No, I'm not referring to a dance but another intonation of the word, the more common word - CLOG.
Let's get some definitions out of the way.
Clog - noun - anything that impedes motion or action; an encumbrance; a hindrance.
Clog - verb - (used with object) -
1. to hinder or obstruct with thick or sticky matter; choke up.
2. (transitive) to stick; stick together.
3. (transitive) to encumber; hamper; hinder.
The origin of the word is unknown.
Dryer lint - noun - fuzzy stuff. Origin: the dryer. (This is the more esoteric, abstruse and recondite definition)
Going into the attic of an older townhouse I immediately noticed the stained roof sheathing with very rusty nails. Someone had the idea to add rolls of extra insulation, and piled it high and deep all the way to the edge of the roof, clogging the soffit vents. There was no overhead venting. The attic was full of dead air.
Yes, there was a significant amplification of apparent microbial growth evident in many places (we inspectors aren't allowed to say "mold" without doing a formal mold test, so that verbiage is the loophole).
With all that dead air, the attic smelled great!
Looking left, I noticed the only bathroom's vent tubing extending to the roof's surface, as it should. It exhausted it's air into a scoop vent, properly installed and meant for the dust-free bathroom air.
But somebody, perhaps the builder, added something. And it was added incorrectly.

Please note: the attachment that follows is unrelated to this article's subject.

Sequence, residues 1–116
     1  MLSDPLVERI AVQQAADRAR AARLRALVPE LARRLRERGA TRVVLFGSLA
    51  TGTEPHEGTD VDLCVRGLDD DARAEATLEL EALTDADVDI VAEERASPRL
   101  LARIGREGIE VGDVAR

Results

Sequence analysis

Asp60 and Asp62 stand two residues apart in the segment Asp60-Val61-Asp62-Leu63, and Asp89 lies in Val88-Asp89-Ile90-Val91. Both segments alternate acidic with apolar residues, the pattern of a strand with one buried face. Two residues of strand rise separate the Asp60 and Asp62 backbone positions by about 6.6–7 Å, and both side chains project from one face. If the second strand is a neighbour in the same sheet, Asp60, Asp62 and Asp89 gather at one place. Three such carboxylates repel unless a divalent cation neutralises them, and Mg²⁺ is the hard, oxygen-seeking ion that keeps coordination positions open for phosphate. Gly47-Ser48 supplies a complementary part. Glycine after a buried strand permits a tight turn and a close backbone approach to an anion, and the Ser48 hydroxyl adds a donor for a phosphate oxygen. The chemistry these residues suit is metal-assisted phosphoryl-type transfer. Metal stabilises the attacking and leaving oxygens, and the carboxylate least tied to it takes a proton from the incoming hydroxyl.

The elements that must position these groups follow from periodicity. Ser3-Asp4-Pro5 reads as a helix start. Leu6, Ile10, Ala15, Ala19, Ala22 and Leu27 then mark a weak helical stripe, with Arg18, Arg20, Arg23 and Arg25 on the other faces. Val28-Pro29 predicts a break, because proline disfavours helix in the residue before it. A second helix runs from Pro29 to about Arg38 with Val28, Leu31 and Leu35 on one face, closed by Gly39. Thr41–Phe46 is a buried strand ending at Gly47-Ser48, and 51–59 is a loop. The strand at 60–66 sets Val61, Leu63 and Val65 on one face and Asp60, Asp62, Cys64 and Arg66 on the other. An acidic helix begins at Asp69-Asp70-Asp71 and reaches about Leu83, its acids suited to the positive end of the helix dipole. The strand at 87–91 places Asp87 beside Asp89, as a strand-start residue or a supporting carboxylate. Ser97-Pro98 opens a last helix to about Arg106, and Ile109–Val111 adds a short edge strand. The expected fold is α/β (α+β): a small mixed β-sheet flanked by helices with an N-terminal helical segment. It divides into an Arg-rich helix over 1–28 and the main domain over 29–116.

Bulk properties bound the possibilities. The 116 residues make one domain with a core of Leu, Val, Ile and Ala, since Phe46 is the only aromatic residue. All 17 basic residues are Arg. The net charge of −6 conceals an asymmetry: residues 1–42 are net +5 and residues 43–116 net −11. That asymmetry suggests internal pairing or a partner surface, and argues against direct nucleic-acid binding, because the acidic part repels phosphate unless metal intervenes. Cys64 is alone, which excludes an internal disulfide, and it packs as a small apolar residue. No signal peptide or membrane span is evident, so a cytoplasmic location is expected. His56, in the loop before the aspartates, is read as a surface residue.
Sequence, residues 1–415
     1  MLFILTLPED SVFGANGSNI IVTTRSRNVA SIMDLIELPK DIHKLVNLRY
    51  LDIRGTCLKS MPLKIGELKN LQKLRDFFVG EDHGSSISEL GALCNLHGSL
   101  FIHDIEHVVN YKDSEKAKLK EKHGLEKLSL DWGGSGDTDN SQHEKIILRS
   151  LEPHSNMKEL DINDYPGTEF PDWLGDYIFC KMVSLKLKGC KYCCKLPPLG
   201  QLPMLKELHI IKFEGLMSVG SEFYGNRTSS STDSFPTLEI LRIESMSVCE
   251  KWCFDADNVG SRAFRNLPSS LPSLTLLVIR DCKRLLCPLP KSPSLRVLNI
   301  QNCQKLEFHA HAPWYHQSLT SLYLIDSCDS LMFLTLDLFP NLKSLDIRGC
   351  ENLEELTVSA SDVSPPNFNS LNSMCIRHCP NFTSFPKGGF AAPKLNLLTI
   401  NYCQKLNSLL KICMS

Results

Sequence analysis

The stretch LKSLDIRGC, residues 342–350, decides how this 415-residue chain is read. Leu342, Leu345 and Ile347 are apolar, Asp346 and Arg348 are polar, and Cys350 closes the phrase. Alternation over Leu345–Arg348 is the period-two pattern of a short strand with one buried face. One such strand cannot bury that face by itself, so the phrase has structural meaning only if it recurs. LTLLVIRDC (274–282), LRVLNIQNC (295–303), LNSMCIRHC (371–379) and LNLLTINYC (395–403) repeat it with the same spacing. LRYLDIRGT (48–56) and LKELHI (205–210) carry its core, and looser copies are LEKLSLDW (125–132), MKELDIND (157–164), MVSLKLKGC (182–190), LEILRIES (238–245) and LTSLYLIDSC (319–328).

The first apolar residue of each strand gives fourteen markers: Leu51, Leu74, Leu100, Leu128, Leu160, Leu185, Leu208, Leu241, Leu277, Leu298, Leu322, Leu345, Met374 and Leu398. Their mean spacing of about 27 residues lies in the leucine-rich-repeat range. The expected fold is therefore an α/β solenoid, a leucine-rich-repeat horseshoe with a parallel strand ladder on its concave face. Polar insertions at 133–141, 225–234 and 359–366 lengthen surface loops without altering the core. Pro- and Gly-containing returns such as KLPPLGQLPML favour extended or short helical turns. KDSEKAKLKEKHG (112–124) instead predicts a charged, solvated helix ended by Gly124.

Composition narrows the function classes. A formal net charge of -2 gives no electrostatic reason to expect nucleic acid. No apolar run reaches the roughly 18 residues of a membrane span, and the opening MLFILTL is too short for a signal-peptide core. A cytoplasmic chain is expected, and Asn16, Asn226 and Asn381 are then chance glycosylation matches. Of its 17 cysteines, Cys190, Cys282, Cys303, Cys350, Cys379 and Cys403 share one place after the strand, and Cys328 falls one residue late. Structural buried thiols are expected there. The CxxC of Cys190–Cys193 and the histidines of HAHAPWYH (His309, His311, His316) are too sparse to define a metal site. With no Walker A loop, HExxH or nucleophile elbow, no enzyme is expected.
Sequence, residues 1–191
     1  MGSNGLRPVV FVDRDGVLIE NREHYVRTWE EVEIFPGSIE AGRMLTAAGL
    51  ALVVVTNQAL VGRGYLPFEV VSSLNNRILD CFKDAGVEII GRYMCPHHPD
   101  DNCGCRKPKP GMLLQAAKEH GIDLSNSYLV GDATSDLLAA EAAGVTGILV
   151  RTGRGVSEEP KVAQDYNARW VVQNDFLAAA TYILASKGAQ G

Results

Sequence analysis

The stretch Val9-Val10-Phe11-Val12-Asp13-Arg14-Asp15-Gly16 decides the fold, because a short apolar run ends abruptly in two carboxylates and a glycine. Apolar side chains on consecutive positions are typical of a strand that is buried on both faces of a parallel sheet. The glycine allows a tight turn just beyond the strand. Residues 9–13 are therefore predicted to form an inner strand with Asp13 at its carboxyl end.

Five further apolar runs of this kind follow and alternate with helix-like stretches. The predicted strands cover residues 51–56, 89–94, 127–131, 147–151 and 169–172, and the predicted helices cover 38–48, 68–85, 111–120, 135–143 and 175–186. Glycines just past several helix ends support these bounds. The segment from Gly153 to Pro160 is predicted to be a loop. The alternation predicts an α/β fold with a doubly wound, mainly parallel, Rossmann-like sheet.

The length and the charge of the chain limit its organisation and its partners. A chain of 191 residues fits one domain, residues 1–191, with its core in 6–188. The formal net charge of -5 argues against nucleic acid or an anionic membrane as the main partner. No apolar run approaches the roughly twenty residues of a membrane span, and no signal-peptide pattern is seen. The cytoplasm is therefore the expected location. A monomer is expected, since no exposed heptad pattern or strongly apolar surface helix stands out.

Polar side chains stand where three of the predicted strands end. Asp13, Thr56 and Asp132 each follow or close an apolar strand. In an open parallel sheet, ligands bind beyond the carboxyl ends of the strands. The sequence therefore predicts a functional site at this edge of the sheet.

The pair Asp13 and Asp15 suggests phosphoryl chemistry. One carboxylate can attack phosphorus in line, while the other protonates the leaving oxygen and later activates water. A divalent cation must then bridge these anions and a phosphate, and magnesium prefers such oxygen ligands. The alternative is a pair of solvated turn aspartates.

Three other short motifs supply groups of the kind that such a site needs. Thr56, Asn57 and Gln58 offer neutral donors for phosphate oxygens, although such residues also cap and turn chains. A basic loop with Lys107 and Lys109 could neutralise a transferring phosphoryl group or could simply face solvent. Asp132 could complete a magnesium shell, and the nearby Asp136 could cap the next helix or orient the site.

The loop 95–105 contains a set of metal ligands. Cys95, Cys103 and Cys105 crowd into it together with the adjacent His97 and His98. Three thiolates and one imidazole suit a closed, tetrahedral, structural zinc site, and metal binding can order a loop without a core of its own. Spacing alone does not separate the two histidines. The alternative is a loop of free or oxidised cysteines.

The dryer vent!
Bathroom and dryer vents should be independently discharged outdoors.
Who knows when this dryer vent was added to the bathroom vent opening. Perhaps by the builder!
I have a personal pet peeve with dryer vents through the roof.
But no matter where the air goes, dryers should never vent through a scoop vent intended for a bathroom! There needs to be a larger, flapped opening for the air to exhaust.
Scoop vents have small, slotted holes. As the hot dryer air heats up the scoop vent the cooler air around it will create condensation, sticking excess dryer lint to the openings.
Over time the ultimate result, indeed the ONLY result, is a CLOG.
This vent was 100% closed off, and caked with lint, for nobody knows how long. The inside of the attic was littered with fuzzy stuff, aka dryer lint (origin: the dryer), everywhere. The sheathing was similarly and smartly decorated.
Going from lower to upper level a odor pervades the air. My clients asked me what the smell was. Before I even saw this I thought it smelled like dead air. And I suspected why - attic ventilation.
So here we have the perfect storm - the confluence of many things incorrectly done. And everything done was in the attempt to do it right or improve what was already there!
THIS PROBLEM HAS LIKELY BEEN FESTERING FOR DECADES.
My recommendation: good and bad smells happen for a reason! When unpleasant odors drench the air it is for a reason, or reasons. Sometimes things combine to create a problem, or make it worse. Hire a home inspector and maybe he can figure out why!
So now, if you'll excuse me, I'm going to put on my clogs and head to the barn, move the bales that clog the dance floor, spread some hay all around, and do some country clogging!
Well, I always do better in my PF Flyers.
I'll go with that. But you gotta like the tails and cane!
Jay Markanich Real Estate Inspections, LLC
Based in Bristow, serving all of Northern Virginia.
Office (703) 330-6388 Cell (703) 585-7560